The Butcher & Grocer is that rare operation that practices what it preaches. What the little specialty store that opened in Grandview on July 5 preaches is the gospel of "Local," as quoted from the holy book of "Superior Quality."

The Butcher & Grocer is that rare operation that practices what it preaches. What the little specialty store that opened in Grandview on July 5 preaches is the gospel of "Local," as quoted from the holy book of "Superior Quality."

Walking inside the spare and tidy chapel that is The Butcher & Grocer, I was greeted by the scent of smoke - charcuterie is one of its big attractions - and by multiple members of the friendly, knowledgeable staff. "Great Service" is obviously a chapter in TB&G's bible, too.

One greeter was Tim Struble who, with Tony Tanner, owns the shop. A veteran of the excellent butcher blocks at Weiland's Market and Bluescreek Farm Meats & Market (formerly in the North Market), Struble was quick to point out that TB&G's meats are all sourced from family farms situated within 150 miles of Columbus.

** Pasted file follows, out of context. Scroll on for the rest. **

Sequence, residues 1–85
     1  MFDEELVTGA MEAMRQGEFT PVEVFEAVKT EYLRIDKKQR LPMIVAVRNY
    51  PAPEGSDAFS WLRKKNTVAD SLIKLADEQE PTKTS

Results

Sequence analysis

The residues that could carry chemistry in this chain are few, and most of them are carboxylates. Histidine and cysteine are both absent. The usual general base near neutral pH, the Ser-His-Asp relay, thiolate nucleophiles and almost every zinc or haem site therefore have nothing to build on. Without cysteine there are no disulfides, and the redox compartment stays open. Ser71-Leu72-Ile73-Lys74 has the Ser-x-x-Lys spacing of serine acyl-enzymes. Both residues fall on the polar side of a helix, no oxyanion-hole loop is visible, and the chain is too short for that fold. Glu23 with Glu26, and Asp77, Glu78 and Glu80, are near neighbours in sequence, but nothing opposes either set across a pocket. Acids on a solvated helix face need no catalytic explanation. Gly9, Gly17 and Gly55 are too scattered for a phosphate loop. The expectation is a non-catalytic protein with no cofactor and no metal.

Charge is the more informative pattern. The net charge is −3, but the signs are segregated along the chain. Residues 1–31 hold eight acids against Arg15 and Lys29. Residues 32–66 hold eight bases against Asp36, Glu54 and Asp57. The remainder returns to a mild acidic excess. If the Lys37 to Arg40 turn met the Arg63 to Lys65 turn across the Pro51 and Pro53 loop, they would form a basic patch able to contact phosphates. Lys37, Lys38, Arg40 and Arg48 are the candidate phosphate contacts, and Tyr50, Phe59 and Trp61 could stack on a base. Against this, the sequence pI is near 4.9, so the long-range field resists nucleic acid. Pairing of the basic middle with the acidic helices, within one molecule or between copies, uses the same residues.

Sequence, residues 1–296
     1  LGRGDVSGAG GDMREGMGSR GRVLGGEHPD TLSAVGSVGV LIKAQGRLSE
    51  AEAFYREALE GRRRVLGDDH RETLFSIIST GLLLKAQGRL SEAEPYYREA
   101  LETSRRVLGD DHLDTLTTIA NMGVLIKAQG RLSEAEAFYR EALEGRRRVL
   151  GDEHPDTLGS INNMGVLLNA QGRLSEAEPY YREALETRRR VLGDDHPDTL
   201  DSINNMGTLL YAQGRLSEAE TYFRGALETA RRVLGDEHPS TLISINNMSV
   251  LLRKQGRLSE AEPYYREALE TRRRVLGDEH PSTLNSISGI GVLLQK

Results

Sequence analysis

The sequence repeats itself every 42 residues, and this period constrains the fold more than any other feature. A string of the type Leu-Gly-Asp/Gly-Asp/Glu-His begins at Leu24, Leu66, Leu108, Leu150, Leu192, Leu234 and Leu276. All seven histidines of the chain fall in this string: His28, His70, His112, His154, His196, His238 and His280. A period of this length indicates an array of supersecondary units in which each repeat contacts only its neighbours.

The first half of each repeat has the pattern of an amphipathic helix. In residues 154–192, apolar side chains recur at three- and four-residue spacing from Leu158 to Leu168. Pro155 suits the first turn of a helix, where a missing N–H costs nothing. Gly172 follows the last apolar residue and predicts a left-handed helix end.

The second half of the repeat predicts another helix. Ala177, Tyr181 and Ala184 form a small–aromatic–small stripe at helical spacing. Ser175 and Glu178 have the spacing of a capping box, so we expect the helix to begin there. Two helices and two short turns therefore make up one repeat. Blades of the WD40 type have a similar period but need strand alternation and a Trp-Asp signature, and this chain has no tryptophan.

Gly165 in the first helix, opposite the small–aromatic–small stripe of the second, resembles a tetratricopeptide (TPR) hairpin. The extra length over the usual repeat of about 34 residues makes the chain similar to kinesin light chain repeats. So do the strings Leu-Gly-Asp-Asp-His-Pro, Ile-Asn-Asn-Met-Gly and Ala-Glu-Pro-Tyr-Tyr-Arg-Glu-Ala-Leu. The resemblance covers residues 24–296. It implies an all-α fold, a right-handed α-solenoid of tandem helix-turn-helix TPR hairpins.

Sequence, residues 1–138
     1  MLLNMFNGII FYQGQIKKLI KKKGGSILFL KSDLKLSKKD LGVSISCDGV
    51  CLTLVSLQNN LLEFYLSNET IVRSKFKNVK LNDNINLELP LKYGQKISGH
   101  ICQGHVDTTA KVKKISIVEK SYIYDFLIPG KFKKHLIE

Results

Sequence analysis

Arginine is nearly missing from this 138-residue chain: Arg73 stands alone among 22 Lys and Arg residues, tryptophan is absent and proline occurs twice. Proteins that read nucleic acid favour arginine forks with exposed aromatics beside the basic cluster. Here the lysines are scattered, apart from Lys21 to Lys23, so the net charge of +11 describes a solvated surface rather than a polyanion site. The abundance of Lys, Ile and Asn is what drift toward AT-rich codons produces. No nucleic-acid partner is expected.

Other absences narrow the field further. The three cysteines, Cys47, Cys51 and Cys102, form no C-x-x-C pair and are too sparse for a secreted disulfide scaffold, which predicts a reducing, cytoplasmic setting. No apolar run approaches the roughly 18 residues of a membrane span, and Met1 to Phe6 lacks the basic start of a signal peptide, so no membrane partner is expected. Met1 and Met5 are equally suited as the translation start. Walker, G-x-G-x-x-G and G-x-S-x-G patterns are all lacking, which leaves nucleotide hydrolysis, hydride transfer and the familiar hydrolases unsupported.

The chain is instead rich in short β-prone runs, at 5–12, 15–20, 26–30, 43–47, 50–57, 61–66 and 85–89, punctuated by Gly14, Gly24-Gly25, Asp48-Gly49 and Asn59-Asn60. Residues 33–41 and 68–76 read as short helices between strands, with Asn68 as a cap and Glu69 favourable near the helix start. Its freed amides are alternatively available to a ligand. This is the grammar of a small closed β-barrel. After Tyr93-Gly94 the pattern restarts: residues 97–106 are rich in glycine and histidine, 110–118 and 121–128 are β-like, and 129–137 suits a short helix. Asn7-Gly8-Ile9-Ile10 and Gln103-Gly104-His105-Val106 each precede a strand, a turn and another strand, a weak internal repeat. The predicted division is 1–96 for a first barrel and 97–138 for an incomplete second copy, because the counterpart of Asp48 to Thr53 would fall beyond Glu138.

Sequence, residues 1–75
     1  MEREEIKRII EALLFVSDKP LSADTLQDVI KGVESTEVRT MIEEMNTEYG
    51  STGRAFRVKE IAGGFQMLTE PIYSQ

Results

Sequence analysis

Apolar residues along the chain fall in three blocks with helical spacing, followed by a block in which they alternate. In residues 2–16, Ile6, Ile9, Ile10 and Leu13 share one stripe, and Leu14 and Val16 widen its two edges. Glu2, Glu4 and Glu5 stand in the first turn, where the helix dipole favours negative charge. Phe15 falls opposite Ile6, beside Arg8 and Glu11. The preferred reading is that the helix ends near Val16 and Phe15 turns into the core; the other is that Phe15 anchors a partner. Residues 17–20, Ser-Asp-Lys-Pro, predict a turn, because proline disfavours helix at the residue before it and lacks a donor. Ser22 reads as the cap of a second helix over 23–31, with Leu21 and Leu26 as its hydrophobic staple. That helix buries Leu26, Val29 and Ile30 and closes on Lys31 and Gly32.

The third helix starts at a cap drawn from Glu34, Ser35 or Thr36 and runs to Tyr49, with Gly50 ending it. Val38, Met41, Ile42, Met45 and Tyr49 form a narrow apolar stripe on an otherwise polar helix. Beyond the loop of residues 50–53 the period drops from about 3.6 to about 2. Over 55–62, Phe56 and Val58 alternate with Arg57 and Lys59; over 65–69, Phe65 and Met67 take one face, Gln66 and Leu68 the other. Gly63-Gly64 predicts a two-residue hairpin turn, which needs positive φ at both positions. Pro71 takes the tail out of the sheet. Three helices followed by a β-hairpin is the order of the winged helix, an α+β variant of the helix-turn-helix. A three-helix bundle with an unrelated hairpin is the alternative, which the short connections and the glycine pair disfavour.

This claim is backed up in the centrally located butcher case that takes up much of TB&G's space. Nearly running the length of the modest-sized room, it contains myriad cuts of beautiful, pasture-raised, non-GMO pork and beef - a good number are lean cuts, as this is a "whole animal" kinda place - bearing the names of their originating farms.

Also in the case: free-range eggs, whole chickens, house-made sausages and an array of ready-to-eat, high-grade cold cuts, some from The Hungarian Butcher, a.k.a. Dan Varga, former chef at Explorers Club and Double Comfort. Apart from this showpiece case, the store has an expertly curated cheese selection (Struble's experience includes high-end cheese shops) and three shelves holding local-focused goodies such as boutique-quality condiments, jams, crackers and house spice blends co-developed with North Market Spices.

Acting on Struble's recommendation for three of his latest favorites, I picked up some great aged gouda from Turkeyfoot Creek Creamery in Wauseon (near Toledo). Made with goat's milk, it's hard, nutty, perfectly salty, nuanced and resembles Parmesan.

I also bought some just-made spicy Italian sausage called The Big Vittorio (for Struble's cousin) that hadn't been segmented into links yet. Frying a patty of it later, I was instantly hooked on its herby, peppery and fennel seed-accented flavor, which finishes with a wallop of chili flakes.

Cousins Sweet Heat - an addictive, barbecue-style, small-batch "utility sauce" made in Grandview - was my third purchase. It more than lived up to its name.

I could say the same about this new shop.